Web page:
Three in 10 people testing positive for Covid-19 and identified by NHS Test and Trace could not be contacted, data shows.
New figures from NHS Test and Trace show a 10% drop in one week in the percentage of people transferred to the contact tracing system who are then reached.
Between September 17 and 23, 71.3% were reached and asked to provide information about their contacts.
This is a fall from 80.8% in the previous week.
It comes as other data from the programme shows a rise in the proportion of people who have an “in-person” Covid-19 test getting their result within 24 hours.
Some 38.1% of people who were tested for Covid-19 in England in the week ending September 23 at a regional site, local site or mobile testing unit – a so-called “in-person” test – received their result within this timeframe.
This is up from 28.2% in the previous week and follows weeks of problems with people accessing tests.
The best performance since the programme began was in the week ending July 1, when 94.3% of in-person test results were returned in 24 hours.
Just 2.9% of people in England who used a home test kit for Covid-19 received their result within 24 hours, the latest figures also show, up slightly from 1.8% in the previous week.
Some 30.4% of people received the result of a home test within 48 hours, up from 11.3% in the previous week.
Prime Minister Boris Johnson had pledged that, by the end of June, the results of all in-person tests would be back within 24 hours.
Thursday’s data also showed that 71.6% of close contacts of people who tested positive for Covid-19 were reached through the Test and Trace system.
This is down from 76.3% in the previous week, but above the 69.9% for the week to September 2, which is the lowest weekly figure to date.
For cases handled by local health protection teams, 97.6% of contacts were reached and asked to self-isolate, whereas the figure was 64.3% for cases handled either online or by call centres.
A total of 31,373 people tested positive for Covid-19 in England in the week to September 23, the figures also showed.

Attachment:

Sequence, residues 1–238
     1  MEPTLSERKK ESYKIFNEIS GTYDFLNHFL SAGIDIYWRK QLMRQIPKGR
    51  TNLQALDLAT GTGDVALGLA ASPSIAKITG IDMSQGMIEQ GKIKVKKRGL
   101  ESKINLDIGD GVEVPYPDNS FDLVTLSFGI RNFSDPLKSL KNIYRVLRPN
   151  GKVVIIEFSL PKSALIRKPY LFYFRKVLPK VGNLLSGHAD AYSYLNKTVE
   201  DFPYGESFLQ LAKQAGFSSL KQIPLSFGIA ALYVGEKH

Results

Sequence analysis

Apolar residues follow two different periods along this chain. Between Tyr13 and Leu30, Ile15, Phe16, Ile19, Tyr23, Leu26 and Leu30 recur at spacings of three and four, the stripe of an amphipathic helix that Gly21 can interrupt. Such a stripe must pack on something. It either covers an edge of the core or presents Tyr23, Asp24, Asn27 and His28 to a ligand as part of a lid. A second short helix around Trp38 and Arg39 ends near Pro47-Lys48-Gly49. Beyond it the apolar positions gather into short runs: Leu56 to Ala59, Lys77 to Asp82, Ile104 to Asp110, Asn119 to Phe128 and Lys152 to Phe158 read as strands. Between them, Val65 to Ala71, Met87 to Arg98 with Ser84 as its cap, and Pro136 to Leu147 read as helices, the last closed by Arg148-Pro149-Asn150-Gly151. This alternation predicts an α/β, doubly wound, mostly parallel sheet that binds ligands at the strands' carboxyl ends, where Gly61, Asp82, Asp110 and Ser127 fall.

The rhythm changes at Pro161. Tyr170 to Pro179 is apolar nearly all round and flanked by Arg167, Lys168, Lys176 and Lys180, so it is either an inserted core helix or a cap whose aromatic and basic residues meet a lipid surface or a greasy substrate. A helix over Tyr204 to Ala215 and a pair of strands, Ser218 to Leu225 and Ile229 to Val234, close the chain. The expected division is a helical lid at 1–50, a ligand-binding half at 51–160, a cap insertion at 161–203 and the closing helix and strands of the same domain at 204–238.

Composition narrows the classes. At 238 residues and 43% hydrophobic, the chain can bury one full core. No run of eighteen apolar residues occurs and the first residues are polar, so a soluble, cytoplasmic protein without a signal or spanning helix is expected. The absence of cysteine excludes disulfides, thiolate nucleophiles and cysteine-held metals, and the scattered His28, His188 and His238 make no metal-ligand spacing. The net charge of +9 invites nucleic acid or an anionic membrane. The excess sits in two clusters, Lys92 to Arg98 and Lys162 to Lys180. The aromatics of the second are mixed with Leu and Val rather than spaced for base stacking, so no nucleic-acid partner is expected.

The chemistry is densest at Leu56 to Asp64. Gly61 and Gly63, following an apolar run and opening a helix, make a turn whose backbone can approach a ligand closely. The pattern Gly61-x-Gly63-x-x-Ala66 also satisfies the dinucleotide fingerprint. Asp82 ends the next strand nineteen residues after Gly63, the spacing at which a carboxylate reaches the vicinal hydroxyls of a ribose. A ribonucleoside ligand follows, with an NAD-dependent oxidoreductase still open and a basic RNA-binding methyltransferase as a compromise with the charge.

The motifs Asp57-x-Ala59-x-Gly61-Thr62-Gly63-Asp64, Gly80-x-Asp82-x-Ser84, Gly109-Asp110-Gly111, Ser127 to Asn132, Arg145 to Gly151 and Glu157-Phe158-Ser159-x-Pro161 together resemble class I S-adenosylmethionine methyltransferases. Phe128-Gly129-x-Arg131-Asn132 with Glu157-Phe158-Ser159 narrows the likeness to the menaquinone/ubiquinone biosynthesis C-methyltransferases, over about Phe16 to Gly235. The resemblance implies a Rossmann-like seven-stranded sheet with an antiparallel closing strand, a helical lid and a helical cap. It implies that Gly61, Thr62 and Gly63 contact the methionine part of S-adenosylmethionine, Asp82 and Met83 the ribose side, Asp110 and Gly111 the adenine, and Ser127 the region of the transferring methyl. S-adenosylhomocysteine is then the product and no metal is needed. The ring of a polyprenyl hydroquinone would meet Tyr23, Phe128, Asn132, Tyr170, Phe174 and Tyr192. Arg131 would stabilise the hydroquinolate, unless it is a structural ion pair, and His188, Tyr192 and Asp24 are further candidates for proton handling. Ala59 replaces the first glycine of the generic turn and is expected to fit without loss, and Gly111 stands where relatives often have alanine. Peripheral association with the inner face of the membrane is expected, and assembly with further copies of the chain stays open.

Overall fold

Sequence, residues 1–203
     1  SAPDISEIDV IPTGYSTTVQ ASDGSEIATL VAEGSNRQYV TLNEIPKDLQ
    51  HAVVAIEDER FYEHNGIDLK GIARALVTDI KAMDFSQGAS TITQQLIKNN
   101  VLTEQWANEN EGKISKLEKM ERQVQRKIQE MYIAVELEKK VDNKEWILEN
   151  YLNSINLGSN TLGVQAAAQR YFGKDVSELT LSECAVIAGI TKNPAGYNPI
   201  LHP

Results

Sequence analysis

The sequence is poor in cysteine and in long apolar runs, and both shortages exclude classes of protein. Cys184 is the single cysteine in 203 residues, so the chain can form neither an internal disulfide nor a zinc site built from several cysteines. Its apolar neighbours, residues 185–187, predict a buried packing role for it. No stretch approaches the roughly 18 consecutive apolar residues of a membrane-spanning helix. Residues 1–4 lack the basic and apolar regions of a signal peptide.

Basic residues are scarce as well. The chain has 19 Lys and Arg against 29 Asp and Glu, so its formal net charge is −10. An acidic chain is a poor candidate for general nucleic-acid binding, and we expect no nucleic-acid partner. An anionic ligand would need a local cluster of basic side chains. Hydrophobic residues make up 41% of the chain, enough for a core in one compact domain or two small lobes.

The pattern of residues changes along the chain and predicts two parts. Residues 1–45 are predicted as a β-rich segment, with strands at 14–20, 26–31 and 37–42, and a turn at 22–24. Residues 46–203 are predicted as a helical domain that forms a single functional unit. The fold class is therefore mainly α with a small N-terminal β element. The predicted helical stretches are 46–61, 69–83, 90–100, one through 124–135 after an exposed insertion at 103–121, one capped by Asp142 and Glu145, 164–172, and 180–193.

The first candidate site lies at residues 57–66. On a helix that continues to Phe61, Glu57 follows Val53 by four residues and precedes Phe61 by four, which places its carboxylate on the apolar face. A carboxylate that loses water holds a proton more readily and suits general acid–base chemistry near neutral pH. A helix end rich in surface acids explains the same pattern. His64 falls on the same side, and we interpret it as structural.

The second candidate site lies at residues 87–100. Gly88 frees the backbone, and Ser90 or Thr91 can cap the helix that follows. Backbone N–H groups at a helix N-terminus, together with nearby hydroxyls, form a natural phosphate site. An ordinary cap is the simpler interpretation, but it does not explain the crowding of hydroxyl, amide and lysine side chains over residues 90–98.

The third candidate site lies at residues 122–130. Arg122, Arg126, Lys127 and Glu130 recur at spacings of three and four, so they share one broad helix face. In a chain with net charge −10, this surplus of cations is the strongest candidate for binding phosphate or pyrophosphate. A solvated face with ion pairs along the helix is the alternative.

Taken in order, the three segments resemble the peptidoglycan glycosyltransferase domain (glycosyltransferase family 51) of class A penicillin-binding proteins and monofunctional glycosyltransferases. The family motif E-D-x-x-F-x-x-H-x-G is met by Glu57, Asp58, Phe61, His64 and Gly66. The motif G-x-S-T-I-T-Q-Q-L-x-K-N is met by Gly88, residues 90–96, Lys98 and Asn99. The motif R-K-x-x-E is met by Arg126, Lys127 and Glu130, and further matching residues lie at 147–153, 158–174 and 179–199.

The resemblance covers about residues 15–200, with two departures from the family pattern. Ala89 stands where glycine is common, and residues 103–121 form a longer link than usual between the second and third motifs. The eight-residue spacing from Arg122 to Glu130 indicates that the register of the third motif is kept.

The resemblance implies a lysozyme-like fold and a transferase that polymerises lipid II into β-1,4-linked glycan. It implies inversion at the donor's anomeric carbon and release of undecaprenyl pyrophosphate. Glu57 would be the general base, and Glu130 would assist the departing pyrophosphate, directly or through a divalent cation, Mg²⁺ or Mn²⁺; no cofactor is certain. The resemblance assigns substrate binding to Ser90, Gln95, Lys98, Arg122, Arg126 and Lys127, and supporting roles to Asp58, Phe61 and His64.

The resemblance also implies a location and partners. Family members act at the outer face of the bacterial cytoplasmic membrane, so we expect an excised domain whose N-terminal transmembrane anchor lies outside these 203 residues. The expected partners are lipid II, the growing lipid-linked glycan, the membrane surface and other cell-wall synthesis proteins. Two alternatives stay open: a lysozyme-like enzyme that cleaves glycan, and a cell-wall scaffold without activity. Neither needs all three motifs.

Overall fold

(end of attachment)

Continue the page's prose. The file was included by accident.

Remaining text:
This is an increase of 61% in positive cases on the previous week and is the highest weekly number since Test and Trace was launched at the end of May.
Saffron Cordery, deputy chief executive of NHS Providers, said: “We continue to be extremely concerned about the spread of Covid-19.
“The data shows that there has been 61% more people testing positive for the virus than last week.
“We are equally troubled that only 71% of people who were transferred to the Test and Trace system were reached, which is a big decrease from 81% last week.
“While Test and Trace has been built from scratch at great speed, it is becoming increasingly urgent that it does the job we need it to do as we approach winter.
“Trust leaders across the country are expressing increasing concern that current testing shortages are starting to impact on NHS service recovery and winter preparations.”
She said there were still “no clear” plans on routine testing for NHS staff.
Shadow health minister, Justin Madders, said: “For the proportion of people being contacted to drop by nearly 10% in a week is appalling. It should not be happening at this point.
“While some areas have improved, we are still a million miles away from the promise made by Boris Johnson back in June that the majority of people would have their test results back within 24 hours.
“And on the day it is revealed Deloitte, who are contracted by the Government to run Test and Trace, are trying to sell their contact tracing services to local councils, it is clearer than ever that their time would be better spent improving the huge issues in the existing system.”
The Government said testing capacity was increasing and the median distance travelled by people who go for a test is now 4.3 miles, down from 5.2 miles the previous week.
Baroness Dido Harding, interim executive chairwoman of the National Institute for Health Protection, said: “One in eight people in England have now received a test at least once and with nearly 500 testing sites across the UK, the median distance to a test site is now just 4.3 miles.
“These are achievements in which everyone involved can be immensely proud.
“We are continuing to work tirelessly to increase capacity and make tests as accessible as possible.
“Our new lab partnership with Birmingham University is another example of how the public, private and academic sectors are working together to meet our target of 500,000 test capacity a day.
“In the meantime, NHS Test and Trace has now reached more than half a million people and advised them to self-isolate – and in the past week more than 14 million people have downloaded the new Covid-19 app, all of which will help break the chains of transmission.”